‘Windows on the Bowery,’ the entire set of posters at the Cooper Union. Photo courtesy of The Cooper Union by João Enxuto
The Cooper Union partnered with the Bowery Alliance of Neighbors present “Windows on the Bowery,” a historic signage project displaying a series of 63 posters in the windows of corresponding buildings on Bowery. From Chatham Square all the way to Cooper Square, the Bowery has been the home of many firsts, such as the first New York streetcar and the birth of punk-rock. These firsts, along with other entertaining histories about each building, are present on all of the posters.
So, why did the Alliance approach Cooper Union with the need for a reawakening of Bowery history? Awareness.
David Mulkins, President of the Bowery Alliance of Neighbors, explained to us that “the lack of contextual zoning on most of the street combined with a ferocious wave of real estate speculation” has created a perfect storm of architectural proportions.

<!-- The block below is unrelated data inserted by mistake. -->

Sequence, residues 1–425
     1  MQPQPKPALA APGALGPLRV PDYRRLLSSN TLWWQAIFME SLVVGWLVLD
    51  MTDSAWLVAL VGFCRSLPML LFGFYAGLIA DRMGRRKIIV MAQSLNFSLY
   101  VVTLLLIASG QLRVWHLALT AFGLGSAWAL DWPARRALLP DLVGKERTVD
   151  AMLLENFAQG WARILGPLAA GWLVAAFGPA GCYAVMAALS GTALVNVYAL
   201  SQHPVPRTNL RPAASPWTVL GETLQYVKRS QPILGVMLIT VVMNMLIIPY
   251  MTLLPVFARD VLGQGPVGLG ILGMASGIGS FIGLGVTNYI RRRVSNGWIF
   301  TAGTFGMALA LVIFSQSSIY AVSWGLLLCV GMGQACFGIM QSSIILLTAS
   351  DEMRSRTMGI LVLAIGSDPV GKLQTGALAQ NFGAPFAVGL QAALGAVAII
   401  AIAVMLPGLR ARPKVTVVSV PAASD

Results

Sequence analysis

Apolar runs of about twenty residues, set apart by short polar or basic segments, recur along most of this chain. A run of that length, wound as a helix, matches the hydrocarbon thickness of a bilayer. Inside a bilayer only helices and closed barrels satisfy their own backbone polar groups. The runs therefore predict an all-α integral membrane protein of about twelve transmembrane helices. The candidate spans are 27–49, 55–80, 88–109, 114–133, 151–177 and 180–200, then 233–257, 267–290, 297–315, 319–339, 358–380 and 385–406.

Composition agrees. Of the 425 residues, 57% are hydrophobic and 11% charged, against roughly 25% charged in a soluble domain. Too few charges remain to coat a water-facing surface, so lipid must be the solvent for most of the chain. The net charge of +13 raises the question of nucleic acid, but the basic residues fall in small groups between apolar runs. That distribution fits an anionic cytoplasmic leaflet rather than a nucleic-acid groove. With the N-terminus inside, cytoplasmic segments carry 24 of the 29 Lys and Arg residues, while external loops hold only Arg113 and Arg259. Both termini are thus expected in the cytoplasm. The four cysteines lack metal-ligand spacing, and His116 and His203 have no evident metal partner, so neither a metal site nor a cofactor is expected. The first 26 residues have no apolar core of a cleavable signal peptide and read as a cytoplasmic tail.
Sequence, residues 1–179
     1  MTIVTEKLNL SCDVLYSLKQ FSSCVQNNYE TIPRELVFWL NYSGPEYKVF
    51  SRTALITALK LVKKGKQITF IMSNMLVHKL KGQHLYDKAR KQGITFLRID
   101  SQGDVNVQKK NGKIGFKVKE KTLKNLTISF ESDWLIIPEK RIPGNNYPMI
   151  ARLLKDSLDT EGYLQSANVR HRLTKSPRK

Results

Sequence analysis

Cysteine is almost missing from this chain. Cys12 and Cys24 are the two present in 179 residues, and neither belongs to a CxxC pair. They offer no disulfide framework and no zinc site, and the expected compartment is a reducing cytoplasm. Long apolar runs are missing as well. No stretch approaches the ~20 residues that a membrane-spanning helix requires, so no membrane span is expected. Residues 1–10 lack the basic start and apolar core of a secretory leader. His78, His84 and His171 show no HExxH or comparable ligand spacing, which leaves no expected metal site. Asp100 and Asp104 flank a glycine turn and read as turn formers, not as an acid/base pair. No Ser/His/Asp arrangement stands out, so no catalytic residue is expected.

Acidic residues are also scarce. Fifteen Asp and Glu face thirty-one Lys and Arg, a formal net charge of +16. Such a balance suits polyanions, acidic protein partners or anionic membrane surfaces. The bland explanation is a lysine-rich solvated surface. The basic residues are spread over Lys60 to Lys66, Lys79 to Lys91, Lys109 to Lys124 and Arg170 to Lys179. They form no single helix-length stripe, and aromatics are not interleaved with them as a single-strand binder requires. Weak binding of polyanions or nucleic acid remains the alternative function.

Despite its dignified status in the National Registers of Historic Places, the Bowery has seen the demolition of historic structures, the introduction of out-of-place nouveau architecture, and an overall disregard for future preservation of the street’s “historic character.”
The Bowery’s historic character dates all the way back to the 17th century, when it changed from a Native American trail to a Dutch farm road. Within the next 200 years, the street and surrounding area would become known as the home of George Washington‘s post-British evacuation victory march, America’s first streetcars, first baseball club, first free university, first community garden and Manhattan’s first free black settlement.
Because of hard times in the later 20th century, and the Bowery’s affordable rent costs, many artists moved here, making it more like the area it is known as today. These artists were the ones who spawned influential movements such as abstract impressionism, beat literature and punk rock.
The ‘Windows on the Bowery’ project aims to preserve the street’s unique integrity, from 200 year-old architecture to punk rock, and in so doing, foster generations of artists to come.
Courtesy of The Cooper Union / Photos by João Enxuto
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